-1 to 1 range is mapped to 0 to 1 for the texture so normals become colors.

normal map operation
Normal Map Operation

Vertex

Normal

Vertex

Normal

Normals from

Normal Map

For each pixel, determine the normal from a texture image. Use that to compute the color.

does this make any difference
Does this make any difference?

Just texture mapped

Texture and normal maps

Notice: The geometry is unchanged. There’s the same number of vertices and triangles. This effect is entirely from the normal map.

some details
Some details

Normal maps are typically in object or model space

We have to rotate them to our world coordinate system.

What does it take to rotate something to a specific frame?

normals tangents and binormals
Normals, Tangents, and Binormals

Z: Normal

Y: Binormal

X: Tangent

The normal is given. The tangent is determined by which way u is for the texture map. The binormal(bitangent) is the cross product of the two.

hlsl code for normal mapping
HLSL code for normal mapping

struct VS_INPUT

{

float4 position : POSITION0;

float2 texCoord : TEXCOORD0;

float3 normal : NORMAL0;

float3 binormal : BINORMAL0;

float3 tangent : TANGENT0;

};

struct VS_OUTPUT

{

float4 position : POSITION0;

float2 texCoord : TEXCOORD0;

float4 worldPosition : TEXCOORD1;

// Note: tangentToWorld is actually

// TEXCOORD2, 3, and 4

float3x3 tangentToWorld : TEXCOORD2;

};

VS_OUTPUT VertexShader( VS_INPUT input )

{

VS_OUTPUT output;

// transform the position into projection space

float4 worldPosition = mul(input.position, World);

output.worldPosition = worldPosition;

output.position = mul(mul(worldPosition, View), Projection);

output.tangentToWorld[0] = mul(input.tangent, World);

output.tangentToWorld[1] = mul(input.binormal, World);

output.tangentToWorld[2] = mul(input.normal, World);

output.texCoord = input.texCoord;

return output;

}

pixel shader
Pixel Shader

float4 PixelShader( VS_OUTPUT input ) : COLOR0

{

float3 N = tex2D(NormalMapSampler, input.texCoord);

N = normalize(mul(N, input.tangentToWorld));

float3 V = normalize(Eye - input.worldPosition);

float3 L = normalize(LightPosition - input.worldPosition);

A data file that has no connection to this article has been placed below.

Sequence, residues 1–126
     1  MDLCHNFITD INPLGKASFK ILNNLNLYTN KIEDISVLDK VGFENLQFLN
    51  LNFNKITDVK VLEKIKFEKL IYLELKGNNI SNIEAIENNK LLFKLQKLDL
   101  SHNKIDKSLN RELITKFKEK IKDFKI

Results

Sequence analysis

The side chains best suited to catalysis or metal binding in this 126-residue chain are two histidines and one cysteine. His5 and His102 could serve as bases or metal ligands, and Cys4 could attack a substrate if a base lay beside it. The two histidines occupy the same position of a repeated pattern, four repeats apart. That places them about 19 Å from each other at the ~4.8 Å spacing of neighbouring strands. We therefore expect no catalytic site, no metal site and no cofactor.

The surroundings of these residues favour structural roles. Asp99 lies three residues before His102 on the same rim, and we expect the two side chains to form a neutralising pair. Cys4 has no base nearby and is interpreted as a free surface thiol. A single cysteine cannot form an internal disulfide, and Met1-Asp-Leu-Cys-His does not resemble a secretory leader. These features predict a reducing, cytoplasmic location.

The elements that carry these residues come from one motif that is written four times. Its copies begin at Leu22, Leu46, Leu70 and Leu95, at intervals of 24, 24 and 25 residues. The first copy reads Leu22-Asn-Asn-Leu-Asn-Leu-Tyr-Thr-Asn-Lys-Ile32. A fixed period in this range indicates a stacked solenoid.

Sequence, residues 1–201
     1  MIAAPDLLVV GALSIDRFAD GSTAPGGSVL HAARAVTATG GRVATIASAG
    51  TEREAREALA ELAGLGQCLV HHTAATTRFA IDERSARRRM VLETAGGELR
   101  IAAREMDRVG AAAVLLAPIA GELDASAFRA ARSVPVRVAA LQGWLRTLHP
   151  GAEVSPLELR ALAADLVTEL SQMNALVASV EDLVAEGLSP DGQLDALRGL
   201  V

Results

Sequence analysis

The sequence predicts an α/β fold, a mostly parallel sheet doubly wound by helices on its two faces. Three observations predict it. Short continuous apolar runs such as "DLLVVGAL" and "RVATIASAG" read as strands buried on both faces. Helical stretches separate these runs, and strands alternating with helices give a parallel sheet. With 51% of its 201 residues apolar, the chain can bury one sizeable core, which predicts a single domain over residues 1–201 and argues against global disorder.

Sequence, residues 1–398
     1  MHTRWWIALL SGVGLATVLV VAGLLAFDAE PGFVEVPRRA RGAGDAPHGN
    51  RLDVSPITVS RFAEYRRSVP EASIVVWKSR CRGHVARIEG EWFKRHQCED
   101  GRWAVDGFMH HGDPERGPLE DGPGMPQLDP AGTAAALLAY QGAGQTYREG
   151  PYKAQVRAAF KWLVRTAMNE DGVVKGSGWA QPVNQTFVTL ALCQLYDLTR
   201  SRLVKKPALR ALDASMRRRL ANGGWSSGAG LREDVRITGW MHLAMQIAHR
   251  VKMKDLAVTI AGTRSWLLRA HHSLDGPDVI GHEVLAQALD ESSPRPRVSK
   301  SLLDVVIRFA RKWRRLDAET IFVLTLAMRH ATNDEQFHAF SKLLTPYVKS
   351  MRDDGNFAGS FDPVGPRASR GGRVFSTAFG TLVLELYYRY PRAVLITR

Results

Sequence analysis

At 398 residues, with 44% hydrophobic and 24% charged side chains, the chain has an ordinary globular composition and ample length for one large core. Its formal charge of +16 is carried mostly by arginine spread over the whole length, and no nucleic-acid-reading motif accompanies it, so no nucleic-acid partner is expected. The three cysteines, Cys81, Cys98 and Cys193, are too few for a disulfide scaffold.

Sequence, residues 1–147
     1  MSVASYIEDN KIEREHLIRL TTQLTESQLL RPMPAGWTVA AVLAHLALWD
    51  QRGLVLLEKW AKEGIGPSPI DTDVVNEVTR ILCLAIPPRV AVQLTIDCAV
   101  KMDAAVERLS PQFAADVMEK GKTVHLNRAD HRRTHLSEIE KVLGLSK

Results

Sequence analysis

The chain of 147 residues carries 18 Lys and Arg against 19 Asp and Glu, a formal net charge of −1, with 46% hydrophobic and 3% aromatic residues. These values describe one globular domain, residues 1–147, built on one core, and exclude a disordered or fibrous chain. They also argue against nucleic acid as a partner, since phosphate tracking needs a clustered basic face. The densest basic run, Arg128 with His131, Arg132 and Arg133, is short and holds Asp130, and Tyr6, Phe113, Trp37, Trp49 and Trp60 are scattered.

float3 H = normalize(V + L);

float4 diffuse = LightColor * max(dot(N, L), 0);

float4 specular = LightColor * pow(saturate(dot(N, H)), SpecularPower);

float4 diffuseTexture = tex2D(DiffuseTextureSampler, input.texCoord);

// return the combined result.

return (diffuse + LightAmbientColor) * diffuseTexture + specular * SpecularColor;

}

normal maps2
Normal Maps

Notes:

  • Can transform the light to tangent space.
    • Saves computation at the fragment level.
    • More expensive at the vertex level.
    • Many lights?
  • Can bake the normals into world space and use them directly.

http://www.computerarts.co.uk/__data/assets/image/185268/varieties/7.jpg

normal maps3
Normal Maps

http://amber.rc.arizona.edu/lw/normalmaps.html

normal maps4
Normal Maps

http://amber.rc.arizona.edu/lw/normalmaps.html

other mappings
Other Mappings
  • BDRF (minimizing the bumps)
  • Horizon maps (adding shadows)
  • Parallax mapping (adding occlusion)
  • Displacement mapping (changing the geometry)
  • Geometry images
    • Not bump mapping, but an encoding of the geometry into a texture map.
height mapping
Height Mapping
  • With the new power of programmable shaders, height maps are becoming fairly easy.
  • You do the math on the GPU.
  • This is required when you do displacement mapping unless you have two textures for the same thing (displacement map and normal map).
comparison
Comparison

View

Dependent

Displacement

Mapping

Bump

Mapping

Horizon

Mapping

(shadows)

Displacement

Mapping

depth billboards
Depth Billboards
  • You can use pseudo-depth textures to model simple geometry or billboards